Two separate groups of healthy subjects aged between 20 and 30 years underwent a random sequence of two non-consecutive polysomnographic recordings under standard conditions (night basal sleep) and after continuous sleep deprivation (recovery sleep). In the first group of 6 subjects (3 males and 3 females) recovery sleep occurred in the morning (after 24 h of prior waking); in the second group of 6 subjects (3 males and 3 females) recovery sleep occurred in the night (after 36 h of prior waking). In all cases the recording time was restricted to 500 minutes. Scoring was accomplished on conventional sleep variables and on Cyclic Alternating Pattern (CAP) parameters, while statistical analysis was based on a 2 x 2 ANOVA test. Compared to the night basal conditions, total sleep time and total NREM sleep were significantly longer in night recovery sleep and shorter in morning recovery sleep, respectively. No significant differences were found for sleep latency, intra-sleep awakenings, stage 2, REM sleep, NREM stages and slow-wave sleep. Total CAP time, CAP time in slow-wave sleep and all CAP rates were significantly higher in morning recovery sleep and lower in night recovery sleep. The enhanced amounts of CAP time and CAP rates during morning recovery sleep may be the outcome of two opposite forces, i.e. high sleep pressure versus maximum wake propensity. In contrast, the lower values of CAP during night recovery sleep suggest an in-phase associations between strong sleep pressure and the circadian clock.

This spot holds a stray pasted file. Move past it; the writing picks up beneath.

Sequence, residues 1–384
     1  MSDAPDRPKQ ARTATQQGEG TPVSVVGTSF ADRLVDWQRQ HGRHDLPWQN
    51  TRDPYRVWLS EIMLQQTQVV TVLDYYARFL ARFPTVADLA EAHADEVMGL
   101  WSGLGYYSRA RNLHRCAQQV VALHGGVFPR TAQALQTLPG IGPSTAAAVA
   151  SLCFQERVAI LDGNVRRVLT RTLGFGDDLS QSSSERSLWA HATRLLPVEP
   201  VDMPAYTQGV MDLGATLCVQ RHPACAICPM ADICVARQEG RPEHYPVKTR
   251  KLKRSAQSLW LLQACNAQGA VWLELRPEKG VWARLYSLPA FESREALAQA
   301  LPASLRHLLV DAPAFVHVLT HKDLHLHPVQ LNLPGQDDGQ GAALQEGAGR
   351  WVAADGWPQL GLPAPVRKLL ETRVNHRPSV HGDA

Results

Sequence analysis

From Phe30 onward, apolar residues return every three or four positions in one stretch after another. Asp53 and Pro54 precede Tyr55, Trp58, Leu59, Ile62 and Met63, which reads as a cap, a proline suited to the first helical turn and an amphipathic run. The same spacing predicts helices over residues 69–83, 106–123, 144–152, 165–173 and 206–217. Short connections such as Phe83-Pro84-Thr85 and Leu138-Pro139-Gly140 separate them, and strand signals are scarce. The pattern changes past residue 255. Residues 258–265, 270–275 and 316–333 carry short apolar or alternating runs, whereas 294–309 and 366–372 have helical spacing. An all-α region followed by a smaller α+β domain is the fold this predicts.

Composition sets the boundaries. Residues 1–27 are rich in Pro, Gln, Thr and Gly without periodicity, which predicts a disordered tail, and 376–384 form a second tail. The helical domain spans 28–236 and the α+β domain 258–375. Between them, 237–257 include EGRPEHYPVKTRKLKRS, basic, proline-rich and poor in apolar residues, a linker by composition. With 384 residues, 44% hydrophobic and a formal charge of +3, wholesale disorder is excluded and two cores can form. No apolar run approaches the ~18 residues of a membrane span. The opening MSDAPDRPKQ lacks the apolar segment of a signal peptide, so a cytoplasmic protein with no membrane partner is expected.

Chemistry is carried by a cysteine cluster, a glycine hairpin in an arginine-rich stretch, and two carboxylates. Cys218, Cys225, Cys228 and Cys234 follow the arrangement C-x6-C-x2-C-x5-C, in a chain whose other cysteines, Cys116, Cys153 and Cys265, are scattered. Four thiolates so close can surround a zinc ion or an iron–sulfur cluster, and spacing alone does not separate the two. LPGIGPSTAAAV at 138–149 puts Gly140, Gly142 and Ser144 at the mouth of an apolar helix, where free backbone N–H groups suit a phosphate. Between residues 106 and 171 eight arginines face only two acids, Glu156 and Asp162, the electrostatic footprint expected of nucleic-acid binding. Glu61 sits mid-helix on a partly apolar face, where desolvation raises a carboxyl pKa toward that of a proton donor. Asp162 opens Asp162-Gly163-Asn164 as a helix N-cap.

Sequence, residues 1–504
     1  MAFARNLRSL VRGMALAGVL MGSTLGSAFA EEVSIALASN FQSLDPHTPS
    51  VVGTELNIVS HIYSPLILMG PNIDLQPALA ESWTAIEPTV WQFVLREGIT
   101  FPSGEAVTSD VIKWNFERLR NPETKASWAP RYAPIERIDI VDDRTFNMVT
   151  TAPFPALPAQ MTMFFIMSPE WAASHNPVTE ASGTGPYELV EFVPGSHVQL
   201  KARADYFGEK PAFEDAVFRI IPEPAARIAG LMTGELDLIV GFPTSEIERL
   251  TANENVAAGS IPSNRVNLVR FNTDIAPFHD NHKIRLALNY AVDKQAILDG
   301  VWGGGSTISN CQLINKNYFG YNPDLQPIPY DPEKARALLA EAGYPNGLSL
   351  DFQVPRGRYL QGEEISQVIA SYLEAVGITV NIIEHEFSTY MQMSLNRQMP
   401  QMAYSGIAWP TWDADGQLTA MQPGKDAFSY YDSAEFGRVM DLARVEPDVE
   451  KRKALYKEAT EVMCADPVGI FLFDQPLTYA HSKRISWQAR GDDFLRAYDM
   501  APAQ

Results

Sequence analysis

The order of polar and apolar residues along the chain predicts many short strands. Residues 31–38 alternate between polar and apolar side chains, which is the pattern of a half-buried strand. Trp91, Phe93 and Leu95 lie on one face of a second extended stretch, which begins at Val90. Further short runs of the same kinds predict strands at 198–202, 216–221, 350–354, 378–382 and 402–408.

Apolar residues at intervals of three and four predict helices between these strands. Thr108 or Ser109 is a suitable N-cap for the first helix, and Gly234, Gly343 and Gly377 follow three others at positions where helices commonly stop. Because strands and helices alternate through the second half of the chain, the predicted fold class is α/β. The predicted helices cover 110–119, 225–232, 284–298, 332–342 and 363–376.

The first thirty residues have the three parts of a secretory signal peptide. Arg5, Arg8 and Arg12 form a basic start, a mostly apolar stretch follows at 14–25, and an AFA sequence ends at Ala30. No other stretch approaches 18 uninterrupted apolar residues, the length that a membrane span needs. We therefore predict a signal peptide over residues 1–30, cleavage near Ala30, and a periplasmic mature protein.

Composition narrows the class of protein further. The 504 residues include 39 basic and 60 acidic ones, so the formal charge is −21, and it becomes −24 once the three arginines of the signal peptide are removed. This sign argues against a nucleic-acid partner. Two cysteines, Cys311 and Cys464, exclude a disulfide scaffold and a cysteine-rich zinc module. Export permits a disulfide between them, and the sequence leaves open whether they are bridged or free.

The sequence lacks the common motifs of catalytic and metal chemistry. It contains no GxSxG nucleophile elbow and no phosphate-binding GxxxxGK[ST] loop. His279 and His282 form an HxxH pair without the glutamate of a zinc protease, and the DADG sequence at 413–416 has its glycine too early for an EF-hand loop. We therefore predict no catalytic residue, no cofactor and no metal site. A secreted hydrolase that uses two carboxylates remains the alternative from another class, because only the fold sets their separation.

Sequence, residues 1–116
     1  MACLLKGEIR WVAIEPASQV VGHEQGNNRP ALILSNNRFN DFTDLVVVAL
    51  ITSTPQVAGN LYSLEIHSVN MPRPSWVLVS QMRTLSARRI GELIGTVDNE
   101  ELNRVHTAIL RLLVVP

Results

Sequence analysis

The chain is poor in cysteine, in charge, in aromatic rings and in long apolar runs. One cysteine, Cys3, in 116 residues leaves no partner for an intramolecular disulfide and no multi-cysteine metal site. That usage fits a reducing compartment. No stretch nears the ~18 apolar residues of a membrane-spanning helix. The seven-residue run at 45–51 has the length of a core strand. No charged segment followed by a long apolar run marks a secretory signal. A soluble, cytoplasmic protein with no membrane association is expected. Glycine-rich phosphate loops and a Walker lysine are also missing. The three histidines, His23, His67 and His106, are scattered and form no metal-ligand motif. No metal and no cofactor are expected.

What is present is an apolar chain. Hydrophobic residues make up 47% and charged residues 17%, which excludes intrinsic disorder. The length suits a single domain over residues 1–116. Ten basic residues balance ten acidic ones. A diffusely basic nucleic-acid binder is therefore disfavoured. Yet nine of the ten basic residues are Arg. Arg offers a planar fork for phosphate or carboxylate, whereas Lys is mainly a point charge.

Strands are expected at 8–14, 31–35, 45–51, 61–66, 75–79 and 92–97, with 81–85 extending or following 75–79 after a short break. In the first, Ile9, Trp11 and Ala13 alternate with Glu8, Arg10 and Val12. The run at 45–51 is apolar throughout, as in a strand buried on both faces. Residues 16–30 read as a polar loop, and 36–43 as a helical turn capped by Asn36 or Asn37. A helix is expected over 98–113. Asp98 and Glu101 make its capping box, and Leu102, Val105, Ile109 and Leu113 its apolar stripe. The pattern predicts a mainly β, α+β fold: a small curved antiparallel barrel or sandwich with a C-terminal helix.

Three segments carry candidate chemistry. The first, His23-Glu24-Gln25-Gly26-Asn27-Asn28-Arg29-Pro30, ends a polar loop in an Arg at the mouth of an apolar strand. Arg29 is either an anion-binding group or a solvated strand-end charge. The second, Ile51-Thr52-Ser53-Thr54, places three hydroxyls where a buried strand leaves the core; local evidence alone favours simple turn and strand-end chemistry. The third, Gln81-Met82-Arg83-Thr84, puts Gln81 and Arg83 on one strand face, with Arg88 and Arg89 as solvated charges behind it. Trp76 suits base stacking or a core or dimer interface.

|Tipologia ministeriale:||Articolo su rivista|
|Appare nelle tipologie:||1.1 Articolo su rivista|